August 23, 2011 13:10
North Korea's state-run Korean Central News Agency said on Monday that Pyongyang will dispose of South Korean-owned properties at the Mt. Kumgang resort and banned the removal of those assets as of Monday. The North also ordered remaining South Korean staff at Mt. Kumgang to leave within 72 hours. There are 14 South Koreans remaining at Mt. Kumgang, including staff of Hyundai Asan, which operated the package tours to the resort, as well as staff at a golf course there.
In April this year, the North canceled an exclusive contract with Hyundai Asan to operate the tours that was to run until 2052, and in May it enacted a special law that gave it the right to dispose of the business. And in July, North Korea signed a memorandum of understanding ceding the tourism rights to a Korean-American businessman.
The reason why North Korea took such incremental steps to steal South Korean assets at Mt. Kumgang was probably that it wanted to gradually raise pressure to persuade Seoul to resume the tours, which were suspended after the fatal shooting of a tourist in 2008. But the South Korean government has been demanding a message of regret from the North and a pledge to prevent such incidents from happening again. That requires involvement of the authorities, but the North claims it already gave such assurances when North Korean leader Kim Jong-il met Hyundai chairwoman Hyun Jung-eun.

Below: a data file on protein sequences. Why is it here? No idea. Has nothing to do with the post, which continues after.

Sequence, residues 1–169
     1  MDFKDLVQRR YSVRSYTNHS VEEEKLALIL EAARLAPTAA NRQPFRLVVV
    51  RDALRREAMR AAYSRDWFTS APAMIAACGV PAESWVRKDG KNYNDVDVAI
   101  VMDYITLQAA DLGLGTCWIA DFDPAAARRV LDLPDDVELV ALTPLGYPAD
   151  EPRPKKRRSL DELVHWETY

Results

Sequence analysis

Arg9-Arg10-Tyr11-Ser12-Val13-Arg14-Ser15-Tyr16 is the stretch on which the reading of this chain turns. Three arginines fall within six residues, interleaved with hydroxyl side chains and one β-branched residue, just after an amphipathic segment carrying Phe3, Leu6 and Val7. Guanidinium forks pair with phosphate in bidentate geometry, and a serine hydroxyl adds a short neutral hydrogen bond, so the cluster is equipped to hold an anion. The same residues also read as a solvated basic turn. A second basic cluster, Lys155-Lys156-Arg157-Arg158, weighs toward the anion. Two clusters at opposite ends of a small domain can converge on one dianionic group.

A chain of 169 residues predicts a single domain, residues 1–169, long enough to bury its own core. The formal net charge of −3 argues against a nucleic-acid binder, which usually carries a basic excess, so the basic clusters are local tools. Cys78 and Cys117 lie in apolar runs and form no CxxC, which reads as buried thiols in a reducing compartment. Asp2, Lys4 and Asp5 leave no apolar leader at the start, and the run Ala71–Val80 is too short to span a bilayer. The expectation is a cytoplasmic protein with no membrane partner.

North Korea now appears to have played its last card of threatening to seize the assets at Mt. Kumgang resort and pursue the tourism business on its own. But does it really think that will work? If the North were to try, for example, to use the generators Asan installed to supply power to the resort, it needs at least several hundred tourists visiting Mt. Kumgang every day to pay fuel costs.
But of the total 1.93 million visitors to the resort between 1998 and 2008, non-Koreans accounted for only 12,817, or less than 1 percent, which comes to just four a day. It was South Koreans who were willing to pay a large amount of money, including fees to cross the border, to briefly set foot on Korean soil on the other side of the demilitarized zone, But for foreigners, the resort is just a place in the middle of nowhere.
Foreign investors who were cautiously calculating the viability of investments in North Korea were probably shocked to see the seizure of South Korean assets. The North scrapped a 50-year contract with Asan as if it was not worth the paper it was written on and even invented a new law enabling it to sign a deal with somebody else. Which investor in his right mind would want to put his money in a country like that? As long as North Korea refuses to abandon its gangster tactics, Kim Jong-il can travel to Russia and discuss as many gas pipeline deals as he likes. It will all lead to nothing.
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